(1) Background: Since early yield prediction is relevant for resource requirements of harvesting and marketing in the whole fruit industry, this paper presents a new approach of using image analysis and tree canopy features to predict early yield with artificial neural networks (ANN);
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(1) Background: Since early yield prediction is relevant for resource requirements of harvesting and marketing in the whole fruit industry, this paper presents a new approach of using image analysis and tree canopy features to predict early yield with artificial neural networks (ANN); (2) Methods: Two back propagation neural network (BPNN) models were developed for the early period after natural fruit drop in June and the ripening period, respectively. Within the same periods, images of apple cv. “Gala” trees were captured from an orchard near Bonn, Germany. Two sample sets were developed to train and test models; each set included 150 samples from the 2009 and 2010 growing season. For each sample (each canopy image), pixels were segmented into fruit, foliage, and background using image segmentation. The four features extracted from the data set for the canopy were: total cross-sectional area of fruits, fruit number, total cross-section area of small fruits, and cross-sectional area of foliage, and were used as inputs. With the actual weighted yield per tree as a target, BPNN was employed to learn their mutual relationship as a prerequisite to develop the prediction; (3) Results: For the developed BPNN model of the early period after June drop, correlation coefficients (R2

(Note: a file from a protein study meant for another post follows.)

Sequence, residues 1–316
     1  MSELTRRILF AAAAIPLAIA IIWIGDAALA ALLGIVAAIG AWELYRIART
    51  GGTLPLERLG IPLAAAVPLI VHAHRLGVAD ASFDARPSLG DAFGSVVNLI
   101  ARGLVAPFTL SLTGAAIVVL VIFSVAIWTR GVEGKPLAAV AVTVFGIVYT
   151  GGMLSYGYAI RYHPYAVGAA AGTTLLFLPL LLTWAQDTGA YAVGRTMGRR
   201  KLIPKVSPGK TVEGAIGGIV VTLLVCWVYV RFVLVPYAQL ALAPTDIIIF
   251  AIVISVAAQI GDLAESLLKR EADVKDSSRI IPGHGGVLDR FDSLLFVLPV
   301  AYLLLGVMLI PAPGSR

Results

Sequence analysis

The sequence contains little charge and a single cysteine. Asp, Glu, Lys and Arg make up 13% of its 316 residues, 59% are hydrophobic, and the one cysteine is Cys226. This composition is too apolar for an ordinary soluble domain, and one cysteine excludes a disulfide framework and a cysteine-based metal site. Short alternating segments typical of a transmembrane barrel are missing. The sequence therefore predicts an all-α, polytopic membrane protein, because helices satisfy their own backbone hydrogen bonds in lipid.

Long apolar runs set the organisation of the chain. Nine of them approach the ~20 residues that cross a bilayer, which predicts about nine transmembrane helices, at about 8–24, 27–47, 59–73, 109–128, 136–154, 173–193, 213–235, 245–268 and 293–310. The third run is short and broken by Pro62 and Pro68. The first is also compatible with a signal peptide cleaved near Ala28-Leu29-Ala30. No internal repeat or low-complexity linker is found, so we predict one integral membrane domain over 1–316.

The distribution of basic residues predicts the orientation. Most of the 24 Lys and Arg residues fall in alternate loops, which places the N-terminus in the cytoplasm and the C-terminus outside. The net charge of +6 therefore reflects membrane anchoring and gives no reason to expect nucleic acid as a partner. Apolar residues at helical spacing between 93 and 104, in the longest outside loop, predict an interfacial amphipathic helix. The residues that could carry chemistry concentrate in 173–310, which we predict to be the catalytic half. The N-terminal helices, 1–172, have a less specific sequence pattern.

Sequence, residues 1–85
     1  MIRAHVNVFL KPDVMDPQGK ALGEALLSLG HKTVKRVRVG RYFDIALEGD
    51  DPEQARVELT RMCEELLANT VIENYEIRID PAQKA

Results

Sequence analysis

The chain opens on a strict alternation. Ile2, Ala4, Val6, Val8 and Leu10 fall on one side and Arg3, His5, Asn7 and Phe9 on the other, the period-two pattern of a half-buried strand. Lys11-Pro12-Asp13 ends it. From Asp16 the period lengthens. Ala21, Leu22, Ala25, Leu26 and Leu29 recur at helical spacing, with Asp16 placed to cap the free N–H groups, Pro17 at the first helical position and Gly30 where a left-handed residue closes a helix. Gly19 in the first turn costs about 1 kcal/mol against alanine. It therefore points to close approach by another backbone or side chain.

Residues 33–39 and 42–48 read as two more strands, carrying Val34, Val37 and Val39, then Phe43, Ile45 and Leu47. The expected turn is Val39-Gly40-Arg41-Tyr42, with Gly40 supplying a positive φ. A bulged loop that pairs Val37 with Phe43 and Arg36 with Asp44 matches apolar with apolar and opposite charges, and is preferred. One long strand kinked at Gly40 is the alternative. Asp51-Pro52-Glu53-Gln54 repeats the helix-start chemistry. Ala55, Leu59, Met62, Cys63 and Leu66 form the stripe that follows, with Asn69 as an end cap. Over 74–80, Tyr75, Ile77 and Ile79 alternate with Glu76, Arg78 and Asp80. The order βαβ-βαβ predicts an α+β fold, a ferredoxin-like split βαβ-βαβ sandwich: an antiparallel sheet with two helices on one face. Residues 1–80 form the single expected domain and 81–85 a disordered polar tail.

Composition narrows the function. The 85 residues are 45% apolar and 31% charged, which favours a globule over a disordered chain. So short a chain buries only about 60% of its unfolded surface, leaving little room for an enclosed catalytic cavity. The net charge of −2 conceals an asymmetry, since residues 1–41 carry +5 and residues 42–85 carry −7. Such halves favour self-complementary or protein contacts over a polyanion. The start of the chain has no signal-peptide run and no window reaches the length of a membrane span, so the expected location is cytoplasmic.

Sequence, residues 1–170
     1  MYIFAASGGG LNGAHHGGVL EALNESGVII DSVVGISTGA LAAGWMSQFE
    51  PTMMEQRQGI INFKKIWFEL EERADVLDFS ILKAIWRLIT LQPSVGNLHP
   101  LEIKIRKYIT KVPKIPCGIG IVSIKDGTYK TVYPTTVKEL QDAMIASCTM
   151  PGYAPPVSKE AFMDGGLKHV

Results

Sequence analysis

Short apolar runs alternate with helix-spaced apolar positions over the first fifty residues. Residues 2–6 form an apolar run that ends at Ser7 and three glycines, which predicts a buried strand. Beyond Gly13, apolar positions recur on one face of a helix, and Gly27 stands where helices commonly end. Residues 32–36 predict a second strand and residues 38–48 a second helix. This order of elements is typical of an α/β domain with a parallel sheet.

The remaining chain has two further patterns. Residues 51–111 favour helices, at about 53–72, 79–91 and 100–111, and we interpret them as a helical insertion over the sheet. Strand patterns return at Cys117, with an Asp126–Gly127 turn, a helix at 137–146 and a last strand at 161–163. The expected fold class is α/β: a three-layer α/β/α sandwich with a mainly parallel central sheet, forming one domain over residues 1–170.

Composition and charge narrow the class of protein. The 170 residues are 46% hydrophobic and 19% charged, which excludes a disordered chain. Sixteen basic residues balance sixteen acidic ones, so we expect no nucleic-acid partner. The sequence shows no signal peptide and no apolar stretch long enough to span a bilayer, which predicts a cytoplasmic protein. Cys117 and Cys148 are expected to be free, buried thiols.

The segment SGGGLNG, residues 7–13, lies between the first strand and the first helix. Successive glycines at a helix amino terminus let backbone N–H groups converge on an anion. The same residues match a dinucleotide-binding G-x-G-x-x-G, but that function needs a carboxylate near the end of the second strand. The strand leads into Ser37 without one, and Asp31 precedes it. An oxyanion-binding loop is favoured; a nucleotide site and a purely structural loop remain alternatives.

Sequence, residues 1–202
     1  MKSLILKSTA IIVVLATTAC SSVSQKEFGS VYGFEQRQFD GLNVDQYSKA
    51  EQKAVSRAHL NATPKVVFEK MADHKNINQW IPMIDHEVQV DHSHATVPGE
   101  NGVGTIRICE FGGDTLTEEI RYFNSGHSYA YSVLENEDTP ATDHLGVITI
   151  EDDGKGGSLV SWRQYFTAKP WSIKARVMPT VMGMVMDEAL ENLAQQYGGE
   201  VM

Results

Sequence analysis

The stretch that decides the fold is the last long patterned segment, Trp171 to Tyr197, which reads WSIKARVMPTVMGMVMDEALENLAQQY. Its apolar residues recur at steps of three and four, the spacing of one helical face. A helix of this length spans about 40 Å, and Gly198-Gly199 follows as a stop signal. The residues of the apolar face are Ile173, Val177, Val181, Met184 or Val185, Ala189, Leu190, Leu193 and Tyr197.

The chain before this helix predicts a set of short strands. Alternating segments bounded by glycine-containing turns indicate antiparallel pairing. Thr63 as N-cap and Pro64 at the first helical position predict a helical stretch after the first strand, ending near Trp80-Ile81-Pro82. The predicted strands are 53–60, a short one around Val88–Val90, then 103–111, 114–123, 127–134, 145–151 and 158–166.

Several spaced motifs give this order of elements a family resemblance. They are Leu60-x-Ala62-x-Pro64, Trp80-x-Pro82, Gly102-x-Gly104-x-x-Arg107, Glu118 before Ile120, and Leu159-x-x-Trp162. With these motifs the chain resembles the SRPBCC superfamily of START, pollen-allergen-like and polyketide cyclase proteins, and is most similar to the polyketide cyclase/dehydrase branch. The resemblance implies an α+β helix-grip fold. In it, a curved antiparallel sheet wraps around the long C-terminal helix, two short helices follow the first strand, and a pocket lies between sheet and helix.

) between the estimated and the actual weighted yield, mean forecast error (MFE), mean absolute percentage error (MAPE), and root mean square error (RMSE) were 0.81, −0.05, 10.7%, 2.34 kg/tree, respectively. For the model of the ripening period, these measures were 0.83, −0.03, 8.9%, 2.3 kg/tree, respectively. In 2011, the two previously developed models were used to predict apple yield. The RMSE and R2
values between the estimated and harvested apple yield were 2.6 kg/tree and 0.62 for the early period (small, green fruit) and improved near harvest (red, large fruit) to 2.5 kg/tree and 0.75 for a tree with ca. 18 kg yield per tree. For further method verification, the cv. “Pinova” apple trees were used as another variety in 2012 to develop the BPNN prediction model for the early period after June drop. The model was used in 2013, which gave similar results as those found with cv. “Gala”; (4) Conclusion: Overall, the results showed in this research that the proposed estimation models performed accurately using canopy and fruit features using image analysis algorithms.